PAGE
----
Now IF I were "trapped" in town with limited space and resources, I would definitely have an array of plastic tubs or barrels in my basement to feed and house as large a worm population as I could sustain, if for no other reason than to watch the kitchen waste melt into the bedding pack basically overnight, and to be able to run my hands regularly through the mess to enjoy the fellowship with all those wriggling and slimy little buddies. I really enjoy watching them, knowing what they are doing for the soil. I would regularly, and in season, facilitate the transfer of a few hands full at a time from breeding/feeding ground to garden. They are the quietest and least intrusive breed of livestock and I've yet to have a neighbor call because they are through the fence eating his corn......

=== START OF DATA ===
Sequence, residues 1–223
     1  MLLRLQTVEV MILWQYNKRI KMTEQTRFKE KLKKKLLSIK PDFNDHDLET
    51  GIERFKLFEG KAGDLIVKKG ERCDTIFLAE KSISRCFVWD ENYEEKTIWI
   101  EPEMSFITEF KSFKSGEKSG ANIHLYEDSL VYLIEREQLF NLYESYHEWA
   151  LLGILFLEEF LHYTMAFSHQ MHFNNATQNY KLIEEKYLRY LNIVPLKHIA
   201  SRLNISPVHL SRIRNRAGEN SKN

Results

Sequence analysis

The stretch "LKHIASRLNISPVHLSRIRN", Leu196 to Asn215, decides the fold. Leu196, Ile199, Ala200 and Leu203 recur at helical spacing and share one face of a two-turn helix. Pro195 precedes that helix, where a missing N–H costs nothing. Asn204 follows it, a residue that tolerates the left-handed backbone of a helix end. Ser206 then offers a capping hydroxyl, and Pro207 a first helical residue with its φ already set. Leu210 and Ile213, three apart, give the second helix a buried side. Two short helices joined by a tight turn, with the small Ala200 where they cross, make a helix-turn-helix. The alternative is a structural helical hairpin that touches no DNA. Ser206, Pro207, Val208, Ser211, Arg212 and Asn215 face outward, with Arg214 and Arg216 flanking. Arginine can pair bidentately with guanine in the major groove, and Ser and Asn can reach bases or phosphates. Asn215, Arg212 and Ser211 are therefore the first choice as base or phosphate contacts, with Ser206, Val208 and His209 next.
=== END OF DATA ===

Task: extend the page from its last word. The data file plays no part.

A few thoughts that I've had since beginning these articles have come to me.
They will likely be found scattered and some may be redundant with what has already been written, but I'll share them as they come to me, all the same.

Always err in your C/N ratio in favor of carbon.
Carbon will always draw nitrogen to itself from the land and atmosphere surrounding. Too much nitrogen will lock up decomposition and putrify.

Your compost pile should be your first consideration for homestead waste disposal. If the worms or microbes will eat it, feed it to them. It the material is offensive, cover it with carbon. The worms will appreciate the resultant privacy as you will the lack of odor. Of course, less offensive and higher grade wastes might be better given to the chickens, pigs or other suitable feeders.